Nowhere is this truer than in pharmacy, which must be one of the most “high knowledge” businesses, and I don’t just mean in terms of CPD and revalidation. In times of uncertainty there is no substitute for the relationship built with patients which is why – as a practice manager told me some years ago – if you give people a good experience they will seek you out, even if that means walking past several other pharmacies to get to you.

But you can’t give a good experience if you have lost staff through attempts to reduce salary costs or through a high turnover driven by job anxiety or job dissatisfaction. It’s very old fashioned for a company to say its people are its most valuable asset, but it’s still true that if you want an indication of the value of a business, look at how valued the staff are.

You can’t do it all yourself in our business, so we have to recognise the worth of the people who work for us.

6 Comments

Ian Menzies, Community pharmacist

Interesting article, especially when published on the same day that C&D publishes an article which points out that Boots, Loyds and Rowlands have all objected to an independent contractor opening a pharmacy in Oxford, in what was once presumably one of the above mentioned 156 closures. 'oh the DOH has forced us to close and as far as we're concerned nobody else is getting to open up'. Shameful behaviour.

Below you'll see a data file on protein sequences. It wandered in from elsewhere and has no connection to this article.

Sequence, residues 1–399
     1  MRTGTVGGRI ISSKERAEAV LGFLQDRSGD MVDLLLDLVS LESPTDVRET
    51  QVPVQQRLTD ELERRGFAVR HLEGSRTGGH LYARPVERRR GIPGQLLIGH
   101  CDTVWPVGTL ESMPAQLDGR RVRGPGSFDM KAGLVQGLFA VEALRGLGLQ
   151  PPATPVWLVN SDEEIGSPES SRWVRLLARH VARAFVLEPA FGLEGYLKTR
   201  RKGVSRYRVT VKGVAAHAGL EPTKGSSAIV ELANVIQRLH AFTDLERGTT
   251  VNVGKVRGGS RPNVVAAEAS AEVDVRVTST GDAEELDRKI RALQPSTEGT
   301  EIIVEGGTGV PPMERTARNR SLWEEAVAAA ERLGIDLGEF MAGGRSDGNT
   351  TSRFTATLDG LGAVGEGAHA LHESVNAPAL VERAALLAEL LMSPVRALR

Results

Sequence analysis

Delectable Skeptic, Community pharmacist

Just curious.  I'm strongly against multiples but what if there was a local independent nearby who added staff to cope with the increase in patients, who also objected to a new pharmacy proposing to open several months after the multiple closed.  Would that be shameful?  

Ian Menzies, Community pharmacist

The other article only mentions multiples, the basis of thier objections APPEARS to be financial which I understand is not, or at least didn't used to be a valid one.
My shameful behaviour comment relates to Loyds closing a store due to it being no longer 'financially viable', in thier view, then objecting to somebody else giving it a go. Also Boots and Rowlands objecting on, to my mind, financial grounds.
I understand your question, but in this case it's not a new pharmacy, just somebody wanting to re-open one, and as far as I can make out, not that long after Loyds closed it.